In 2010, the state Education Department acknowledged that, over time, state exams had become overly predictable and attaining high scores had become easier. After scores were recalibrated, they declined dramatically, and the achievement gap in NYC turned out to be as wide as it was before Bloomberg. The black-white test proficiency gap in eighth grade reading even increased.
In short, Bloomberg achieved nothing.
Commissioner Elia weighs in
State Education Commissioner MaryEllen Elia, told the Buffalo News in an interview, that she does not favor handing Buffalo public schools over to Mayor Brown. Instead, she supports moving elections to the same date as general elections, when more people vote. A good idea.
The News stated, “Some worry [mayoral control] could make the board too political, but is there any better description than ‘political’ for the way the teachers’ union holds sway over the School Board now?” Yes, there is. It’s called democracy. Sadly, most citizens take their democratic duty very lightly, so—with no controversies brewing this election—only seven percent of voters turned out. The Buffalo Teachers Federation worked to get out the vote, which is what we do in America. This time around they may have had an impact, but let’s not forget that the disastrous Carl Paladino-led anti-union “reform” majority was elected under the same system.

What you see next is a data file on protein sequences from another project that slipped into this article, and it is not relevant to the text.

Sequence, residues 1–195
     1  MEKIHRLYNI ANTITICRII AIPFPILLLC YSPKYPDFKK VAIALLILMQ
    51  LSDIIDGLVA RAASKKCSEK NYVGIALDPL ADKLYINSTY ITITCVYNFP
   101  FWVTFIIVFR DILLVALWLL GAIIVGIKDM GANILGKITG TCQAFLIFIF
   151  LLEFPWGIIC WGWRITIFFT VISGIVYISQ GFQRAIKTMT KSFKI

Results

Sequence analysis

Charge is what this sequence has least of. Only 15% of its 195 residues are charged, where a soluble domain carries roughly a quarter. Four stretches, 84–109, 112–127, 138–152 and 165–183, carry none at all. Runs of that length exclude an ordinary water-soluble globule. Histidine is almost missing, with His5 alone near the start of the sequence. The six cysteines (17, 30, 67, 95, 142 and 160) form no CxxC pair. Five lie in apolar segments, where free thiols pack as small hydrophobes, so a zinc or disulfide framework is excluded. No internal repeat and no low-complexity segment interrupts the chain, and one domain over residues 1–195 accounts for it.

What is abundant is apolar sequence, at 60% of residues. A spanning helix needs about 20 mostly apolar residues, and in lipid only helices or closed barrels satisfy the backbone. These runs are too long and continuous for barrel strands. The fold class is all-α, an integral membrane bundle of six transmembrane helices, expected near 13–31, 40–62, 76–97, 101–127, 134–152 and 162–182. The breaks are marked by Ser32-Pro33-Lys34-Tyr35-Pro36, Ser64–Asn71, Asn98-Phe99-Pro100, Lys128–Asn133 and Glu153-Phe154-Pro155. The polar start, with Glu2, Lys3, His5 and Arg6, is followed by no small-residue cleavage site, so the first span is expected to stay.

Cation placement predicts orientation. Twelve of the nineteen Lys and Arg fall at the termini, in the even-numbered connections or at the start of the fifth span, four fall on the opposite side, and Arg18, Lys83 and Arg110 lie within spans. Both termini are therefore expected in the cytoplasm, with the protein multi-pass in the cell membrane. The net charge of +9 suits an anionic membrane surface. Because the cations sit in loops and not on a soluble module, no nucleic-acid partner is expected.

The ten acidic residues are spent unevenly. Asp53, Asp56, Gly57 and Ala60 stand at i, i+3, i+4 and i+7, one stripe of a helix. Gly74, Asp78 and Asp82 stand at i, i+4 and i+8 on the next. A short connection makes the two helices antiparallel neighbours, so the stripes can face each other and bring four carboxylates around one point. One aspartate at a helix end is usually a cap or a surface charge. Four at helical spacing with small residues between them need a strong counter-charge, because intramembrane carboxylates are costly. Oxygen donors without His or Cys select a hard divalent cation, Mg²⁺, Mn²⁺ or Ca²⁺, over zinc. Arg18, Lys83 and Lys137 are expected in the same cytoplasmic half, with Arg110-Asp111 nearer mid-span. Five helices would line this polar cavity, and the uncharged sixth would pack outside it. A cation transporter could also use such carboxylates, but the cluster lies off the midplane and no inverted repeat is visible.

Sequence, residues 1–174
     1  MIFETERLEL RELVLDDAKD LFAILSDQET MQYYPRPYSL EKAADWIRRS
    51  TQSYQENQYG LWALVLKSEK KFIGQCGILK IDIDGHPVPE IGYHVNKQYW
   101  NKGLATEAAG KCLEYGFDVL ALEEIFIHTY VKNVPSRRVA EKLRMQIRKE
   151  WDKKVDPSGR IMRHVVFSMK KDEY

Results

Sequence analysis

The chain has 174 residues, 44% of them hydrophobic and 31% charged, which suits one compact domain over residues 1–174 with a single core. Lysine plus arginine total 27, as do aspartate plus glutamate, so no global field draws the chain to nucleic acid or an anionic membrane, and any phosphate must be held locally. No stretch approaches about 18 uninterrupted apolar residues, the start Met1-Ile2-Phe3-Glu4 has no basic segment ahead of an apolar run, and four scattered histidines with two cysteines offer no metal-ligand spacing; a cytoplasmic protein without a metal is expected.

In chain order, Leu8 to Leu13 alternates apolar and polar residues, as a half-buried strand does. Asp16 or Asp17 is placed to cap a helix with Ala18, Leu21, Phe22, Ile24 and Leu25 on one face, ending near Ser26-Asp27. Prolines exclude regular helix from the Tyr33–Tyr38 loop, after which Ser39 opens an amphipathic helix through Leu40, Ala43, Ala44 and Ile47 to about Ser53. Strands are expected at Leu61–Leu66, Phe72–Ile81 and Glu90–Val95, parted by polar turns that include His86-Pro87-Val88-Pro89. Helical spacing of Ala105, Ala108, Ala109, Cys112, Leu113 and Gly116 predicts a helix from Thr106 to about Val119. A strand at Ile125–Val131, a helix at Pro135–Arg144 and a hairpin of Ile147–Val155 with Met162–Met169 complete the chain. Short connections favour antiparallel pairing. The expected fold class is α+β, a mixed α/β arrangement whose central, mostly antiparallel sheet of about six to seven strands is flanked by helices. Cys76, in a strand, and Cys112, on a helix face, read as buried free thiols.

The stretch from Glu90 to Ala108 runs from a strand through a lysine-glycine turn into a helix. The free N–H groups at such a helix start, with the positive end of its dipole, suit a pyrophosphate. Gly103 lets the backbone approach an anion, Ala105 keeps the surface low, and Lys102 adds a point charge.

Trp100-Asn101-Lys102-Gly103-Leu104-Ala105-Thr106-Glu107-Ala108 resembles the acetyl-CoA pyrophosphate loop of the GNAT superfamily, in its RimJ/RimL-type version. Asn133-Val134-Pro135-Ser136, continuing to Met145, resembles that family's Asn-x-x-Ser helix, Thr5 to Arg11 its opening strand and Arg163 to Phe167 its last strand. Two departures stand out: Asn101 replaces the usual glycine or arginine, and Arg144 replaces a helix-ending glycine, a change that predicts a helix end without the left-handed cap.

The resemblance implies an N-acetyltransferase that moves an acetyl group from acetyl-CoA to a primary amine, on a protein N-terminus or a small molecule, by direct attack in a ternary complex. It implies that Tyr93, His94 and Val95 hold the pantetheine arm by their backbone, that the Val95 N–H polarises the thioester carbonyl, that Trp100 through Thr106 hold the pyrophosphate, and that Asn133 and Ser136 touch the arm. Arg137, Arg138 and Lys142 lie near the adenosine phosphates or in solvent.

When Delaware North incorporated local art into the design of its Patina 250 restaurant and separate corporate headquarters, Buffalo Spree commended co-CEO Jerry Jacobs Jr. in an article titled Art and industry: A taste of paradise. We included a picture of a Patina 250 mural by one of Buffalo’s most popular and respected artists, Fotini Galanes. “It’s a beautiful addition to our restaurant,” Jacob’s was quoted as saying, “We want Patina 250 to feel warm and sophisticated, and these works help us set that tone.”
For those who think nothing says “warm and sophisticated” like a flat screen TV slapped over a work of art, Patina 250 is your place. Because that’s what happened to Galanes’ mural.
Facebook takes up the debate
A photo of Galanes’s abstract artwork with a black rectangle hovering in front of it hit Facebook last week, and the reaction not good. LSS has many thoughts on the topic, but, for once, we’ll let some of the many public comments speak for us.
Stephen R Powell: “Art is something that can make our day a little brighter in ways we often don't even realize. Whatever dumb-ass plopped this TV in the middle of this piece that my friend who spent a month making, flatly hurts me.”